Happy Thanksgiving


Dear Colleagues and Friends,

To our efforts in educating our communities, I speak to you from my house and from my heart as this day of hard earned respite, this day dedicated to generosity and giving has provided the necessary leisure that permits contemplation. I reach out to you in the spirit of acknowledgement of the hard work you put in everyday. I speak to you in the spirit of fraternity and kinship with all teachers, builders, and makers because together we have created every single thing that makes up our society. Finally, I speak to you in the spirit of admiration for your passion and caring for teaching and learning and the progress of our communities.

I hope the day finds you in a fine mood surrounded by people who care about you and what you do. Many of them admire you for your knowledge, awareness and refined understanding, but some also truly appreciate your dedication to our profession and our common humanity. As they should! But I’m willing to bet that at least some of them don’t know that you work without health insurance, without sick days, without the basic promise of employment from semester to semester and with wages so inadequate that is difficult to function as full participants in our society.

It is difficult to be in a celebratory spirit when, in addition to our own uncertainty, we recall the ongoing unresolved predicaments of our nation and community; unending orchestrated attempts to make us fear and hate each other. Our children returning home because they have trouble supporting themselves. Our children’s (and our own) student loans coming due, and taxes and fees that just keep increasing, and the realization that working until you die may be the only viable retirement plan left to us.

Today, my thoughts are also on our students who have been systematically disenfranchised from their humanity. Humans crave learning; it is essential to who we are, and yet in our City of Chicago, like many other urban and rural areas of our nation, our students and our communities have been traumatized and cauterized: relegated to the labor reserve, their bodies and spirits commoditized and alienated from that essential drive to learn and create. They have no real access to learning institutions and face a foreclosed future of second rate citizenship. What are we to do with a city leadership that prides itself in closing schools, and with the governor who has reneged on his most basic responsibilities and believes that we are, at best, hired hands, organized only by the whims of capital?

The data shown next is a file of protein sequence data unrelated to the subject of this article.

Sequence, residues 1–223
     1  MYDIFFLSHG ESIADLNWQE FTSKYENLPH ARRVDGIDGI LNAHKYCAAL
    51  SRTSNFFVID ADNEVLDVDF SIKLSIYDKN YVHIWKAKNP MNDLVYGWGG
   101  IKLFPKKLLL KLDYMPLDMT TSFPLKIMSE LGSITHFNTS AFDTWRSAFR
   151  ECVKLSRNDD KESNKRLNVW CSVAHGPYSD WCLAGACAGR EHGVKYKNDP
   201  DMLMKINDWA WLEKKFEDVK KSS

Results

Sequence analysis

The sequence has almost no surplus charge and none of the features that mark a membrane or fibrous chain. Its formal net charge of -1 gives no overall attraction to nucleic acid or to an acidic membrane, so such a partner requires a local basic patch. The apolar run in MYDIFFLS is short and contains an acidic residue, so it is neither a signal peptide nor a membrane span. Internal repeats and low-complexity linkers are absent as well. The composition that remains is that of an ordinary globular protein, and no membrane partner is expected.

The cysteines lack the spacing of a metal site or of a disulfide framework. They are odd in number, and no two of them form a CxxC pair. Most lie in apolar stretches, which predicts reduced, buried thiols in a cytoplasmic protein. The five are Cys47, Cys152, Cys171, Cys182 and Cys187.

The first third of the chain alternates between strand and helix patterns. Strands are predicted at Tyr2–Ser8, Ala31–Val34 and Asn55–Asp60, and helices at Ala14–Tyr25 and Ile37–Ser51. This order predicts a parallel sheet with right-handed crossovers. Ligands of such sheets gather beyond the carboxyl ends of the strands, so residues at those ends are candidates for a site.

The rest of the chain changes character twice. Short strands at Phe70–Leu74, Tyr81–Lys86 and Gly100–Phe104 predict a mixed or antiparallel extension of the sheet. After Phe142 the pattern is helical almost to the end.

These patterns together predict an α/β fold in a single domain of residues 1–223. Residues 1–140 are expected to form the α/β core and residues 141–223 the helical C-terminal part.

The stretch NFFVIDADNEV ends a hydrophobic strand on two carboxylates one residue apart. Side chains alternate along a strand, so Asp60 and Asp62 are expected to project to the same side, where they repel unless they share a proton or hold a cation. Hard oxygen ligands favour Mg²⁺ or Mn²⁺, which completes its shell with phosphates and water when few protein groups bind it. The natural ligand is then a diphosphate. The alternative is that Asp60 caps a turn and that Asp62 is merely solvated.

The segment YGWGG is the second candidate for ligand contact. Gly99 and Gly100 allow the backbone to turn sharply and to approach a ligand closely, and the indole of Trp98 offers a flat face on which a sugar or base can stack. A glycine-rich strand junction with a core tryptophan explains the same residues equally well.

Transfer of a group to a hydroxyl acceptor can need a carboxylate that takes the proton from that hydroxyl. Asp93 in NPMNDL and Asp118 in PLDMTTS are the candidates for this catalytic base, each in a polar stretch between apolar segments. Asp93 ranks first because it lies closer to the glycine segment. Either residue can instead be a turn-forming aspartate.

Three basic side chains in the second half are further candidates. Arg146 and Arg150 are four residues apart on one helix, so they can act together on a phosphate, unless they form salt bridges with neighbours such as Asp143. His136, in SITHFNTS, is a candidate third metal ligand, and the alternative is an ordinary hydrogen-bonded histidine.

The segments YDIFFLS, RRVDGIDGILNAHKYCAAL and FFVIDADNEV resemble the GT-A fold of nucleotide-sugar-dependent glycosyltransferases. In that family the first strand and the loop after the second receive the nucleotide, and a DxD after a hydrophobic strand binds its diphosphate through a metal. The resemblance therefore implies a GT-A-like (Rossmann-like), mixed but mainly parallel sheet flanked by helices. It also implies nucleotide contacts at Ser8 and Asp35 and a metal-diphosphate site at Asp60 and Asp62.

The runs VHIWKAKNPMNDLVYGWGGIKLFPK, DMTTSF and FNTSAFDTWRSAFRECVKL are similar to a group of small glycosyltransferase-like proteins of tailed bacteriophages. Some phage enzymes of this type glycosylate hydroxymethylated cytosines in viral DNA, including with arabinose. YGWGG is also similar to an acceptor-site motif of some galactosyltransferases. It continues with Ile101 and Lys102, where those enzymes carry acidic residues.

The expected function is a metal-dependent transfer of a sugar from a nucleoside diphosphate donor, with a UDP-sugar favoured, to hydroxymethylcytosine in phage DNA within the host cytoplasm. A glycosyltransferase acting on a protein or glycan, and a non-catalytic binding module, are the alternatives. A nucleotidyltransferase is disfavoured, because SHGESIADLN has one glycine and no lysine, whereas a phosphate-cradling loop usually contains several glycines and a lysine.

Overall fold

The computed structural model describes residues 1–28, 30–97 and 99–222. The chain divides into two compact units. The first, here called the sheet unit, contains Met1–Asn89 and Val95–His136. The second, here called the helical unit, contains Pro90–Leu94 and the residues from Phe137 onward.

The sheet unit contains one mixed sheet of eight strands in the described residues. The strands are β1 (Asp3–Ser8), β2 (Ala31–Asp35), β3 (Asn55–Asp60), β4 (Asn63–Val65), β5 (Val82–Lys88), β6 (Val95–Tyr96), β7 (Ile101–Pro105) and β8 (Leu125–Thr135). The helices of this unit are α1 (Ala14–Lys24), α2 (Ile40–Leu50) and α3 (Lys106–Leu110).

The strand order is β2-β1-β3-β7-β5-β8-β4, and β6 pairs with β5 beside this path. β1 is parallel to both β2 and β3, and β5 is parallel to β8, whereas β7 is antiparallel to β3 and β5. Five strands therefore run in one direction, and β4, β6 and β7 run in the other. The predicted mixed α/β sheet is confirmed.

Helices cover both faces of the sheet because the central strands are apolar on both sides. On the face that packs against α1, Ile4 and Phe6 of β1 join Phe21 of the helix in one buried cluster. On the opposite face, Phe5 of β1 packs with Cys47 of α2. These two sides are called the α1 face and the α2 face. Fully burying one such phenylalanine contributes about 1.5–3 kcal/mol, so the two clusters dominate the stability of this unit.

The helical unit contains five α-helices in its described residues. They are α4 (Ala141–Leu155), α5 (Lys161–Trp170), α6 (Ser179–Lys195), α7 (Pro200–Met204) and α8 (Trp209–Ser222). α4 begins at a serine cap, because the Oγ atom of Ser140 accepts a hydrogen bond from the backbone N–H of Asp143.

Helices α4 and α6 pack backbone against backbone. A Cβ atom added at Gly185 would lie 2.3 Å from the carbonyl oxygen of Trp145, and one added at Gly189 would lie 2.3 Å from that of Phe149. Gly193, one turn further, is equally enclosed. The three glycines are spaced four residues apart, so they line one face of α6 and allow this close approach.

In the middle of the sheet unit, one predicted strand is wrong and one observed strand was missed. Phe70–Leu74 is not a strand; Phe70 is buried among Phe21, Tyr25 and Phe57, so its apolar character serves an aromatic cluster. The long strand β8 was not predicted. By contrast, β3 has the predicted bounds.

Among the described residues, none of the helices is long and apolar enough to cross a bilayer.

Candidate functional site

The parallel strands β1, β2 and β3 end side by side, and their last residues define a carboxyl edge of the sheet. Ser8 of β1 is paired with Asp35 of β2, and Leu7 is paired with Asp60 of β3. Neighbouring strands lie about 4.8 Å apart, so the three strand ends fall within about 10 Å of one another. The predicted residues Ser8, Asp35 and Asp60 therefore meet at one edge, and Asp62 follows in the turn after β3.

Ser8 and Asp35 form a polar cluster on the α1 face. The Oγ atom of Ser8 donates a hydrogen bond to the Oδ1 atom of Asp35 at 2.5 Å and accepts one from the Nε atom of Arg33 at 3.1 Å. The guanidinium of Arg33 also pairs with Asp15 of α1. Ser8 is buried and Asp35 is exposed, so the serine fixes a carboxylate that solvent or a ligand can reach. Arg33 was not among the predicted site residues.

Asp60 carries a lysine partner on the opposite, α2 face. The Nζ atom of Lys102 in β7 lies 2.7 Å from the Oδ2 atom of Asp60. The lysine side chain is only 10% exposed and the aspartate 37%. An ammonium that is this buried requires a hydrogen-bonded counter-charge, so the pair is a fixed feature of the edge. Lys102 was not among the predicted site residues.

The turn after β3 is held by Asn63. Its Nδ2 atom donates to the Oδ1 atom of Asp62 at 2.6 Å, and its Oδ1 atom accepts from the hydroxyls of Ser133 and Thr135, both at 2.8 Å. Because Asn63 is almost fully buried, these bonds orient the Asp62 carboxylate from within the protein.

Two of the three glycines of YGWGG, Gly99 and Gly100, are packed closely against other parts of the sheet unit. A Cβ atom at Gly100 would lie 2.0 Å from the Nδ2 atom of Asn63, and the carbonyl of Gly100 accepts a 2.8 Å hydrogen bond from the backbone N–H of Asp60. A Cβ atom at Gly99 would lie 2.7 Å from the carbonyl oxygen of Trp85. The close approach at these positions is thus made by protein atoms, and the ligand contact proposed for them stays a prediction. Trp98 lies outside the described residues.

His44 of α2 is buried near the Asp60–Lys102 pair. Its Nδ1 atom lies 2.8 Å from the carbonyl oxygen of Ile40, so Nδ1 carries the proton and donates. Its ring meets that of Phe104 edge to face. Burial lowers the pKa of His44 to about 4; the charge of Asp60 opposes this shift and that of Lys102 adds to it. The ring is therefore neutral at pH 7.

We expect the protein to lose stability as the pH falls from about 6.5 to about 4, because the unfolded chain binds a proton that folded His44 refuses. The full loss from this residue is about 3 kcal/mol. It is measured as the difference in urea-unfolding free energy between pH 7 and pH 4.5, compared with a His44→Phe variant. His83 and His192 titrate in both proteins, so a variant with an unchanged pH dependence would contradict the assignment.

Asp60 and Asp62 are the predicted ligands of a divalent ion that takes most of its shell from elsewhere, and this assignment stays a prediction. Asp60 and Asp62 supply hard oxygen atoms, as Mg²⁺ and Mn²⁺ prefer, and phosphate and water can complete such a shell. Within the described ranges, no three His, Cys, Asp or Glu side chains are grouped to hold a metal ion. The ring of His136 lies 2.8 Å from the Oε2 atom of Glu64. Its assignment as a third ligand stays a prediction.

Yet my spirits are invigorated when I recall how many times I have witnessed you, my Brothers and Sisters, throw caution to the wind, place personal advancement on the second burner and do the right thing for each other and our students. We are then at our best, and at that moment we recapture the essential ingredient of our teaching profession – dignity through a simple truth that we are all human and that competing in the great ‘rat race’ demeans us to vermin.

On days like this, I like to think that what keeps us linked is not the extravagance of technology, but the union of our collective hearts and our collective struggles. Thank you for your bountiful giving.

Happy Holidays to you and yours,

George Roumbanis
AFSCME 3506 President